By Molly Ford
Christina and I have been writing the Flash Fridays, where we look at an issue from two perspectives: the 20-something and the 40-something, for almost a year now.
Once we’ve figured out a topic, I handle the 20-something perspective on the issue. For research on the topic, I usually Facebook and Twitter out the question, as well as email the question to a circle of my 20-something friends. For most topics, I have no problem getting a response from other 20-somethings. People have been happy to share a sentence, a paragraph or a story about woman that inspire them, dating in the workplace, and long-term planning, among other topics we’ve covered.
But this month’s question of having it all was different. When I asked other 20-somethings, “What is your having it all, and do you have it now?” the answers came in short supply. The few responses I got were all variations of “I don’t have it all, but I want to someday.” Some people listed achievements they wanted to meet in order to have it all: own an apartment, get a MBA, make X number of dollars. Other people listed life events they wanted to reach: date, marry, have kids. Everyone’s answer was different, and almost universally everyone seemed to think they didn’t have it all now.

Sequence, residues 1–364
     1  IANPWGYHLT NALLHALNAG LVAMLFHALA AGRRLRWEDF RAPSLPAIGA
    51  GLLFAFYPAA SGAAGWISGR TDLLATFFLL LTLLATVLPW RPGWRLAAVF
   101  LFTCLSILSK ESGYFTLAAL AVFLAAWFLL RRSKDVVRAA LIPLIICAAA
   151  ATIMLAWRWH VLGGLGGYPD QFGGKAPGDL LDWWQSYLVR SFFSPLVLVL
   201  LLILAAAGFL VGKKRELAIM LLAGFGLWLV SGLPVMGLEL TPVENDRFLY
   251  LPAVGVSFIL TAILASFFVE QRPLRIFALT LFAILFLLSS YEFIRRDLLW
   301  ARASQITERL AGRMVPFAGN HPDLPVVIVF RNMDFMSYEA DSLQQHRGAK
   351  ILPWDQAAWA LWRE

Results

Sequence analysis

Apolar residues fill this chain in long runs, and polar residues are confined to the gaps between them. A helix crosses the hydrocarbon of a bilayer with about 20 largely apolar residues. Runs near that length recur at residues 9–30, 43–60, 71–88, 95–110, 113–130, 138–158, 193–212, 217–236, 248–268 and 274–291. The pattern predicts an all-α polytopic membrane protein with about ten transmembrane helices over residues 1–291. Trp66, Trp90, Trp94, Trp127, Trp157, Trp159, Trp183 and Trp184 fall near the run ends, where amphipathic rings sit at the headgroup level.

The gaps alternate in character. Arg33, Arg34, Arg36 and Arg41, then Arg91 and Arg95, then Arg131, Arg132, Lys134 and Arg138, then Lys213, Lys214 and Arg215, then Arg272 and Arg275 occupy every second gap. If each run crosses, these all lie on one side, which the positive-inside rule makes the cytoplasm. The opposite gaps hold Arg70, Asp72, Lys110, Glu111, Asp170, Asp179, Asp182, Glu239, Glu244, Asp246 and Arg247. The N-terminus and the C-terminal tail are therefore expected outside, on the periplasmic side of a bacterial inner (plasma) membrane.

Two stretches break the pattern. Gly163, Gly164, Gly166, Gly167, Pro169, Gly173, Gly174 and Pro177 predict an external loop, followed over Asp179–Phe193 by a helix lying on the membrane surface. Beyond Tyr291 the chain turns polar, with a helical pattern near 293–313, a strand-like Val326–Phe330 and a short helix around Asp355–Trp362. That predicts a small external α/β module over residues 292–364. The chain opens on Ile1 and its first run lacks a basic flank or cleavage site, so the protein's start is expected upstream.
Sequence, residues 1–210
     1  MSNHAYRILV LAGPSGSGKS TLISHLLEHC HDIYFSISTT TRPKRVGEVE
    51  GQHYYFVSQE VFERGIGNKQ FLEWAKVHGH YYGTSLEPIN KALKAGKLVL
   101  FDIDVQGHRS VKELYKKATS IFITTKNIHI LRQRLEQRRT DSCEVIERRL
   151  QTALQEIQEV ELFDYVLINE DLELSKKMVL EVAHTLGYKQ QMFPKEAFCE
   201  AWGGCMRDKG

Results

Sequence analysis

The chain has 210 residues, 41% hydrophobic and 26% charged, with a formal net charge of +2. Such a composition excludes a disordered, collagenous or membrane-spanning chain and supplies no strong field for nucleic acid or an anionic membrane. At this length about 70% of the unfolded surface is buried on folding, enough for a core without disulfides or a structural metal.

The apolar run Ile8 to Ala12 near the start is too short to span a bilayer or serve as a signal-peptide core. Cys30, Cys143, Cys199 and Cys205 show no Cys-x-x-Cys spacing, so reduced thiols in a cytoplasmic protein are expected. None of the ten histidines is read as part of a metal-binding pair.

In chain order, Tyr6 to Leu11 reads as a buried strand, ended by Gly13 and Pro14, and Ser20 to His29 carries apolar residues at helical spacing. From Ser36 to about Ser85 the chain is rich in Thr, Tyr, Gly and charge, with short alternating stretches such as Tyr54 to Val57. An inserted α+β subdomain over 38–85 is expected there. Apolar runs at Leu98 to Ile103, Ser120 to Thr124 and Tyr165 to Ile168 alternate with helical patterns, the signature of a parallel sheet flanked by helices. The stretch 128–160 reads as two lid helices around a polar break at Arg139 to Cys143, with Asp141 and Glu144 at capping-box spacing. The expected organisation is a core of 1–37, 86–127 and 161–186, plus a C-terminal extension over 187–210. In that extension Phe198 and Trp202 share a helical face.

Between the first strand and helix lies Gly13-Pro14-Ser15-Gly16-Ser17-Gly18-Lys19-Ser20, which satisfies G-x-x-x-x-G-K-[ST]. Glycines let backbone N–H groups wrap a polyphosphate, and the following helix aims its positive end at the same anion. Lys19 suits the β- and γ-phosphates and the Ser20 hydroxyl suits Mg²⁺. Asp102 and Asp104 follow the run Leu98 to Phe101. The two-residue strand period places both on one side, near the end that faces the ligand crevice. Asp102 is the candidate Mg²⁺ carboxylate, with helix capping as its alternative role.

So I started thinking.
Why do we have to have it “all” to be happy? Can’t we have a part and be happy?
I haven’t read all the books in Barnes and Noble, I don’t have all the items on my clothes wishlist, and I haven’t dated all the boys in Manhattan, but I’m really happy with the ones I have. I don’t have all the degrees universities offer, all the blog traffic on the internet, or all the friends in the world, but I’m really happy with the ones I have.
And the checklist I had of goals five years ago has already been reached. I have 21 year old’s Molly Ford’s all, and if I work hard, I hope to eventually have 31 year old Molly Ford’s all.
So, looking at these two truths: if we know that you cannot ever have all of everything, and if we know that if we work hard to reach goals we achieve t hem, then what does the phrase “having it all” mean?
I think that instead of asking someone if they have it all, it might make more sense to ask them if they are happy. Because checklists, milestones and goals can change. But in the moment right before you fall asleep, when you think about the day you had and the day you want to have tomorrow, the question is: am I happy with the way I’ve chosen to live my life?
Because the only thing anyone can really have all of is one thing: all of the happiness you can possibly suck out of your own specific life, using the cards you’ve been given and the hands you’ve decided to play.
Having all the happiness: that is the having it all, at any age.